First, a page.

Joan G. Gurfield has been a professor of English Literature and Creative Writing, an actress and theater director, arts editor of a small newspaper and (briefly) a totally incompetent waitress. Two of her short stories have been published in literary journals, and a longer piece was optioned for a feature film. Recently, she has written a collection of stories centered on the World War II era.

To read the story, click on the link to ArLiJo Issue No. 112.
www.ArLiJo.com

Finalists
Nephilim by Bonnie Roop Bowles of Roanoke, Virginia.
The Last Usher by Lynn Miller of Los Ranchos, New Mexico
The Reincarnate Word by Matthew Pitt of Fort Worth, Texas.
Rubber Time by K. W. Oxnard of Savannah, Georgia.

Friday, January 04, 2019

 

William Orem Wins the 2018 Gival Press Novel Award

William Orem who lives in Newton, Massachusetts has won the 2018 Gival Press Novel Award for his novel titled Miss Lucy, which was chosen anonymously by the final judge John Domini. Orem will receive a cash prize of $3,000 as well as copies of his novel which will be published in the fall of 2019.

Advance Praise
“A master-chef's layer-cake, Miss Lucy serves up delights for every taste. It’s got Gothic nightmares to make the skin crawl, illuminating portraits of 19th-Century Dublin and London, X-ray insights into the workings of money and class, deft appropriations from a sumptuous library (Oscar Wilde, anyone?), and above all the tormented humanity of its central figure, Bram Stoker, author of Dracula. William Orem dreams Stoker to life with terrific vividness and subtlety, fluent in all the languages of late Victorian society. The story may, over a single long night riddled with shadows, travel from bejeweled aristocrats at the theater to the reeking slums that allowed Jack the Ripper to flourish. It offers a vision at once perverse and transcendent, a miracle that eludes the crush of history— a tour de force.”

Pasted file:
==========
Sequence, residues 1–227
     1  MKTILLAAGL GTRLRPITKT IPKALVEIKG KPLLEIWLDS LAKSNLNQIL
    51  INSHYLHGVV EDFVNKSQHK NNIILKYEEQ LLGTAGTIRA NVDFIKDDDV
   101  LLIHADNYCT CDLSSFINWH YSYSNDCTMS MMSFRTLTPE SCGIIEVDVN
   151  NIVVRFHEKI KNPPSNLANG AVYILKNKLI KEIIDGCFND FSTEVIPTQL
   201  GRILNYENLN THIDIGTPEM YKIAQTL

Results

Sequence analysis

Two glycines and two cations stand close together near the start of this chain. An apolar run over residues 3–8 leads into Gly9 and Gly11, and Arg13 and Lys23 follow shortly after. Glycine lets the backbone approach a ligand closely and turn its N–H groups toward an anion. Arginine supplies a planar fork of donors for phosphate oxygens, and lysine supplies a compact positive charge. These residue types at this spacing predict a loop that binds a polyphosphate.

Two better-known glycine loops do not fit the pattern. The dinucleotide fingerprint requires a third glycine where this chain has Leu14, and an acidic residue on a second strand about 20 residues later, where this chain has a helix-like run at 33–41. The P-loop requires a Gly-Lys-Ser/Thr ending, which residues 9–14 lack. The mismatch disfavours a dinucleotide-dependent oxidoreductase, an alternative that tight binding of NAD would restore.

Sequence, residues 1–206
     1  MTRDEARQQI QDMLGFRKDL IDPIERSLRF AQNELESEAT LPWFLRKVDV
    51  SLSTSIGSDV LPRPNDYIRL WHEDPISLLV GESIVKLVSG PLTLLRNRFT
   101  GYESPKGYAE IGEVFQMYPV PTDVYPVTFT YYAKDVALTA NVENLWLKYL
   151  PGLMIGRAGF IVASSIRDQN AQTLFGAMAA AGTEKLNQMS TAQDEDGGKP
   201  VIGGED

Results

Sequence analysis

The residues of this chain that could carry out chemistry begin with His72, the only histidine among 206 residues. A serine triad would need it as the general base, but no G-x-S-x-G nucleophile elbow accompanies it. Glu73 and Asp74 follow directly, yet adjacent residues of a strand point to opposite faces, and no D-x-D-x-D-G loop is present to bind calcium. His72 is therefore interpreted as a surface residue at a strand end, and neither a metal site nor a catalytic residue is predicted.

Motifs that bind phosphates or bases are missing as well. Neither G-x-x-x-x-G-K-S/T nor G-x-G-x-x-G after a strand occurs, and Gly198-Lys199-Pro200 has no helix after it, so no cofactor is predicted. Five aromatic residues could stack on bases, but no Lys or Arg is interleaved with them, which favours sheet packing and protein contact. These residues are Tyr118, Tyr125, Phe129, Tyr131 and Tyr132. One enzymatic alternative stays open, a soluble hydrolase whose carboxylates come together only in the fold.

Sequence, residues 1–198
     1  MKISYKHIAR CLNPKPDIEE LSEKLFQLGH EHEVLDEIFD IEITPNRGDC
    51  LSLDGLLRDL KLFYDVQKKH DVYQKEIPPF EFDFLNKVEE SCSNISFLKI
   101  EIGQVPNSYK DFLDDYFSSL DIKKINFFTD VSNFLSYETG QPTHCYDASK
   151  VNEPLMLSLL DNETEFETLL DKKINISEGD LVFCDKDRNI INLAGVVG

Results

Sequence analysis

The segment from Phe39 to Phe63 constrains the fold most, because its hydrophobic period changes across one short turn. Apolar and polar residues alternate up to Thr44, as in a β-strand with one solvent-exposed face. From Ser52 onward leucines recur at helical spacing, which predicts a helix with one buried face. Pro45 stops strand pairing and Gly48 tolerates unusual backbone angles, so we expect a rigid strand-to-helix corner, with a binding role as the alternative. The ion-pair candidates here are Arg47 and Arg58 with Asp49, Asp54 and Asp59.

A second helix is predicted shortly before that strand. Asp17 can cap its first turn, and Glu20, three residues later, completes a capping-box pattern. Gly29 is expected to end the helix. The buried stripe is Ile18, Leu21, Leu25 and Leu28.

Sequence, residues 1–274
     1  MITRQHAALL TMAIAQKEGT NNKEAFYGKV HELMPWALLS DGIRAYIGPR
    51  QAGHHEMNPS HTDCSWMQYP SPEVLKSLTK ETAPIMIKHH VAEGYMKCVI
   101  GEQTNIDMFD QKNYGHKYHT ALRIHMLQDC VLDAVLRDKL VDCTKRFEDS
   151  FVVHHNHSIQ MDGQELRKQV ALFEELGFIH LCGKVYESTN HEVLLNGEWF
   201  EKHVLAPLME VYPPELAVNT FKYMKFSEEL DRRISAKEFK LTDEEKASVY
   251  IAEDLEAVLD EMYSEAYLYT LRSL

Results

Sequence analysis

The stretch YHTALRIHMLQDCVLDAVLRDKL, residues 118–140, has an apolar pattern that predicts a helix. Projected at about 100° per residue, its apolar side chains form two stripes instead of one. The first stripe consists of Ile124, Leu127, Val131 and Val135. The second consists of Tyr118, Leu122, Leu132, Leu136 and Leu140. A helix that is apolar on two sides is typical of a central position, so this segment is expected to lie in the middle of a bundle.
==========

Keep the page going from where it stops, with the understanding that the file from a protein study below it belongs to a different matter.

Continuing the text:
— John Domini, judge and author of A Tomb on the Periphery and MOVIEOLA!

About the Author

William Orem’s first collection of stories, Zombi, You My Love, won the GLCA New Writers Award, formerly given to Louise Erdrich, Sherman Alexie, Richard Ford and Alice Munro. His second collection, Across the River, won the Texas Review Novella Prize. His first novel, Killer of Crying Deer, won the Eric Hoffer Award for Excellence in the Small Presses, and has been optioned for film. His first collection of poems, Our Purpose in Speaking, won the Wheelbarrow Books Poetry Prize, and he has been nominated for the Pushcart Prize in poetry, fiction and creative nonfiction.